Also, there are no checkpoints in the single-player missions … which is annoying.

Hail to the King baby!

Despite these shortcomings, the core of Evil Dead: The Game is so utterly compelling and so much fun, that you could easily spend a ton of hours simply going around the cabin and the woods, with friends, blasting deadites, and stopping the end of days. The core mechanics are really solid, and the execution of the combat, and teamwork elements, not to mention how much fun it is being an evil d***, really do make up for the parts which are lacking.

However, I do hope more maps will come along, as there are plenty of characters to play as, and progression to level through, but once these are done, games like this survive on new maps and content. Dead by Daylight still has an immense life due to various guest characters, and new content. And I hope we get to see at least some better single-player missions, new characters, and maybe a new level of two.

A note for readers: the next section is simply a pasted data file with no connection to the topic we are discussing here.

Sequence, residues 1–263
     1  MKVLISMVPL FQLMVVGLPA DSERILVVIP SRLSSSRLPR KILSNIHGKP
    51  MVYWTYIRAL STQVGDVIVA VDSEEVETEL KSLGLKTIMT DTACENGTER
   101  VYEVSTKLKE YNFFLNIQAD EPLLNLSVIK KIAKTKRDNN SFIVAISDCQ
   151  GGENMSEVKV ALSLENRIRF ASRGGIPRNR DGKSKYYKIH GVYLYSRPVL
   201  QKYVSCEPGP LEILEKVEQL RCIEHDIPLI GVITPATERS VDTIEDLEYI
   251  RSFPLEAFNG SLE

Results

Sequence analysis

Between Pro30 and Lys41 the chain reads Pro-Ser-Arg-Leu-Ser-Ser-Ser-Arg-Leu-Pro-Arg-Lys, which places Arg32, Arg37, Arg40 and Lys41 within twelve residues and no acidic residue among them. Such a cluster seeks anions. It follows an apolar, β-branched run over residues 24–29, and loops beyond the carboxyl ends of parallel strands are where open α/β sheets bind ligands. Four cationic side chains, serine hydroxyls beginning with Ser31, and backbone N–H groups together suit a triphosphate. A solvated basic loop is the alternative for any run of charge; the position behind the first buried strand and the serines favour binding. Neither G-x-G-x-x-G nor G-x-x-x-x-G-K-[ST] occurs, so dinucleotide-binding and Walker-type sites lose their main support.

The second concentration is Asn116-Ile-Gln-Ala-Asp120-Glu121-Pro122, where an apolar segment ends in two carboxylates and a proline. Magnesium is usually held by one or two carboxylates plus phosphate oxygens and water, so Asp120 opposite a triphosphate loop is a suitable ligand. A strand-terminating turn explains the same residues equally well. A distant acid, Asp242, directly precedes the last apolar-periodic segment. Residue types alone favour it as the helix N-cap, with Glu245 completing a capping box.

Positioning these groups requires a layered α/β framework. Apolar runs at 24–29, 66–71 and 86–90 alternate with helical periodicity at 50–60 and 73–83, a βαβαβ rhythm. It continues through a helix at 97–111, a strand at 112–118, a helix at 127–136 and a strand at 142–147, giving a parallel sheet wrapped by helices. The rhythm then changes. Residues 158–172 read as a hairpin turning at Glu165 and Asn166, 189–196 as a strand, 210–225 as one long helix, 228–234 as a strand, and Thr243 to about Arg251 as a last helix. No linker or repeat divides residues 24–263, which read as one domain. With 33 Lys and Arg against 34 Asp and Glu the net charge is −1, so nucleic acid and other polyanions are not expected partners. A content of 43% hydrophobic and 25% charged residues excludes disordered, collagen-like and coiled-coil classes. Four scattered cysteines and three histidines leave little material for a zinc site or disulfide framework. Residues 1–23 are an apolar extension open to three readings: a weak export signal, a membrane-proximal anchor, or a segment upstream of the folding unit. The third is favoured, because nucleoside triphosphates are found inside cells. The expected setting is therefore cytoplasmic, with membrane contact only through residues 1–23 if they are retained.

Evil Dead: The Game is such an immense multiplayer experience that fans of the films and fans of the horror/hunter genre will surely love it. While it’s lacking in the number of locations, and there are some balancing issues, the core gameplay loop, aesthetics, and immense fun to have as either the humans or the demonic forces of evil (which is more fun). Evil Dead has always had a rough time when translating to video game format. But what we get here is a shining beacon of light that says “Evil Dead can make a great game”. And I would be thrilled to see the new content being added to the base game, but also a chance for the developers to work on a single-player Evil Dead game too.

With the price being decent, the core gameplay is fanatically epic, and if you’re a horror/Evil Dead fan, this is really a no-brainer.

Hail to the King baby!

++ Solid and fun gameplay loop
++ Fantastic aesthetics and Evil Dead goofiness
+ Looks and sounds awesome

-- Lacks any meaningful single-player content
- Needed another map or two
- Some balancing issues with the endgame

A PC review key of Evil Dead: The Game was provided by the publisher for the purpose of this review.